Moscow – St. Petersburg motorway section 15-58 km: A deal involving tax havens and poor value for money
The first section of the Moscow – St. Petersburg motorway is best known for the conflict over its routing through Khimki Forest.
The project is widely heralded as being the first public-private partnership (PPP) in the roads sector in Russia.
Yet surprisingly little is known about the involved private company – the North West Concession Company (NWCC) – to which the Russian government and road users will pay EUR 1.5 billion over the course of the 30-year contract.
In 2011 a Bankwatch investigation(pdf) into the company’s background revealed a web of tax havens and oligarchs and confirmed the participation of Putin’s friend Arkady Rotenberg in the project.
environmental conflicts and PPPs
lack of competition
poor value for money
Possible corruption, lack of competition and poor value for money
Nevertheless the project continued. The strong opposition against its routing led only to a temporary halt and was eventually overruled in favour of private interests (see box).
Public interest overruled
The motorway’s routing through the Khimki Forest near Moscow generated strong opposition, until in August 2010, after an intense month of protests and violence against activists, President Medvedev called a temporary halt to the project pending new public hearings.
The hearings that followed were never public, and the Russian government’s decision in December 2010, to continue with the routing as planned, went against all logic, according to an independent expert assessment published in February 2011, which found that the planned routing was among the very worst among several alternative solutions.
President Medvedev himself has recognised that the route chosen was not the best solution and that it was chosen mainly to serve private interests.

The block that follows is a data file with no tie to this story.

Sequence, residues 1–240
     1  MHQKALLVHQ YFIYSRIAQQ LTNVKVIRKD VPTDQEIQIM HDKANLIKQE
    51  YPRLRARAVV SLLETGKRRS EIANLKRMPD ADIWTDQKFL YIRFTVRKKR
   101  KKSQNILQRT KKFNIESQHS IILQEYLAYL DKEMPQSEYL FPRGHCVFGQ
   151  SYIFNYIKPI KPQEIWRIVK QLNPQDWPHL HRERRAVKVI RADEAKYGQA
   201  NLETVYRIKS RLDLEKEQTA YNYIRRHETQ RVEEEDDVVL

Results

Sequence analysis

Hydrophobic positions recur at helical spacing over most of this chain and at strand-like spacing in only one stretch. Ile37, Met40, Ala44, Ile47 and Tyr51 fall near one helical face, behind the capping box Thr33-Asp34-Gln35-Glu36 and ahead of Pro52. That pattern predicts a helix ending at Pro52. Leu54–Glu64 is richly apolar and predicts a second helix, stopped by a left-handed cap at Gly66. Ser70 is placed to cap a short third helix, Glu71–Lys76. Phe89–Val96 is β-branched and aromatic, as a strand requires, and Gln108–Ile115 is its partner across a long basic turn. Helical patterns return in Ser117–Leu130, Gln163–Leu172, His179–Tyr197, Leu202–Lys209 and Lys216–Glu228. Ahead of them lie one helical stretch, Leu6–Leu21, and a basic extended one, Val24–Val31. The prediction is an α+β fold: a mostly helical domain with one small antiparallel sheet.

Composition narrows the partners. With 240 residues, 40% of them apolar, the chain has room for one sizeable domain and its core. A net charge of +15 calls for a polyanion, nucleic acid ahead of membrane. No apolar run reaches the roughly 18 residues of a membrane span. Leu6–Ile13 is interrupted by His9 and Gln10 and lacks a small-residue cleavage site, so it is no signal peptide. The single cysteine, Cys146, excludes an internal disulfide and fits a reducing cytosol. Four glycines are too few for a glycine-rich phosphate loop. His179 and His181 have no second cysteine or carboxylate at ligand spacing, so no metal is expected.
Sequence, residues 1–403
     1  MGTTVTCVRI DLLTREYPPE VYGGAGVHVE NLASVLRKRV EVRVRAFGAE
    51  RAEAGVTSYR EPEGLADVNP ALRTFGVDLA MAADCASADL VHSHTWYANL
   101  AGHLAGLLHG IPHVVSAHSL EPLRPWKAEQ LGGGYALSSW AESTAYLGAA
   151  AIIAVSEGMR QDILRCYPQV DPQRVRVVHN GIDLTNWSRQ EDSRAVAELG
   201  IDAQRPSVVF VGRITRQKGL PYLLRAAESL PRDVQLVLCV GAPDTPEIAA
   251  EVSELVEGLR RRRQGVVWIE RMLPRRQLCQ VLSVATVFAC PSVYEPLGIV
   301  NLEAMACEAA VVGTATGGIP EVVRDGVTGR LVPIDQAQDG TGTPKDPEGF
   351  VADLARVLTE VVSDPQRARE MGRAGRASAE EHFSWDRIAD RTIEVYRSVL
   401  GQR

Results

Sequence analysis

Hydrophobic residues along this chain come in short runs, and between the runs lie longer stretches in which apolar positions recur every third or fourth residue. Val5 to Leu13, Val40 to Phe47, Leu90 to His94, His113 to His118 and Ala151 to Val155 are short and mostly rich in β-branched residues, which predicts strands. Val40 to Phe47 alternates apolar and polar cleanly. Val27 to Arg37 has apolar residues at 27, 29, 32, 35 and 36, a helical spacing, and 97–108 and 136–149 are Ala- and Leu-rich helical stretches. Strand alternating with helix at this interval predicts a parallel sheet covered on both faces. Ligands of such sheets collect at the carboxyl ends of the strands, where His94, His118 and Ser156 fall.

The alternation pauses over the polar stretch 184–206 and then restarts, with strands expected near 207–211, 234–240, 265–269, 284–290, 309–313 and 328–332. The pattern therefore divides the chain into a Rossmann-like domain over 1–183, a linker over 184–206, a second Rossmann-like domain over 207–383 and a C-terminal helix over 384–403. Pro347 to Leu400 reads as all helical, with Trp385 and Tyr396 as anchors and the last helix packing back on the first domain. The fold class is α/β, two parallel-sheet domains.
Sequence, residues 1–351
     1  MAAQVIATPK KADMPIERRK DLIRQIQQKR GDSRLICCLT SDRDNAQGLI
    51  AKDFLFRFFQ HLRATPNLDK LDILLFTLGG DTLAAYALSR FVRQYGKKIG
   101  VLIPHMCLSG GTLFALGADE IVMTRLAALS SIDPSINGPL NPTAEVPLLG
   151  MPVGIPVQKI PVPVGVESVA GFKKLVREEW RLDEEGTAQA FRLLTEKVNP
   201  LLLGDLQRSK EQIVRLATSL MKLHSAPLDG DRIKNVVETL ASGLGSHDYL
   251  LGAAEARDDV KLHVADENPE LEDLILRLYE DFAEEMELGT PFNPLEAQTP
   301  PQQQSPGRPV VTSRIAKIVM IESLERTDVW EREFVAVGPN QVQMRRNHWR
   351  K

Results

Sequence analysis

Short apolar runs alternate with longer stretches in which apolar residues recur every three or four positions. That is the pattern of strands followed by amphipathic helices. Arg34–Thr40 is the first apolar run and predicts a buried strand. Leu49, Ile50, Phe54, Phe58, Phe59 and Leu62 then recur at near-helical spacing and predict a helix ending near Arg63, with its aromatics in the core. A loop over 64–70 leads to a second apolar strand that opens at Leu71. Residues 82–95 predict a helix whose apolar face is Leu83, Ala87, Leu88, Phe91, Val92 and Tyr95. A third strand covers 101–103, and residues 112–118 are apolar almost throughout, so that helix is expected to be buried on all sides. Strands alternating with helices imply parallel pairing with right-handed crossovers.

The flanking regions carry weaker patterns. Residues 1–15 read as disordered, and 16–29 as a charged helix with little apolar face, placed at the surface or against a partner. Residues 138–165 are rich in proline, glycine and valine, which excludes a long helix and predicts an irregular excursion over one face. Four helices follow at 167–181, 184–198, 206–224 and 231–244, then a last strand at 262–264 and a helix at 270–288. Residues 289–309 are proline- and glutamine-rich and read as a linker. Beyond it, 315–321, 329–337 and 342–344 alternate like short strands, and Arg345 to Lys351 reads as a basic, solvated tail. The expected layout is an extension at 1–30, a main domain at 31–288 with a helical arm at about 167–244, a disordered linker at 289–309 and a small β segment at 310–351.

Private interests behind the Moscow – St. Petersburg motorway?
There are various interpretations of why the Russian authorities are so keen to persist with a motorway routing through Khimki Forest that is widely recognised not to be the best one.
Among them are the following:
1. Advantages for an airport company
The Minister of Transport, Igor Levitin, formerly worked for one of the companies widely reported as standing behind NWCC. Levitin is also a Chairman of the Board of Directors of the Sheremetyevo International Airport corporation.
A considerable part of the first section of the motorway coincides with the route of another project, the MRAR (Moscow Ring Auto Road)-Sheremetyevo-3 toll road, which would bring direct economic advantages for the airport company.
Transparency International Russia has concluded in a report that Levitin, who was involved in the routing decision, may have been guided not only by the public interest but also by the commercial interests of the Sheremetyevo International Airport corporation.
2. Putin’s friend Arkady Rotenberg
As well as the transport Minister, another politically well-connected person involved in the project is Arkady Rotenberg, a friend of Vladimir Putin.
Rotenberg has a direct stake in the concession company: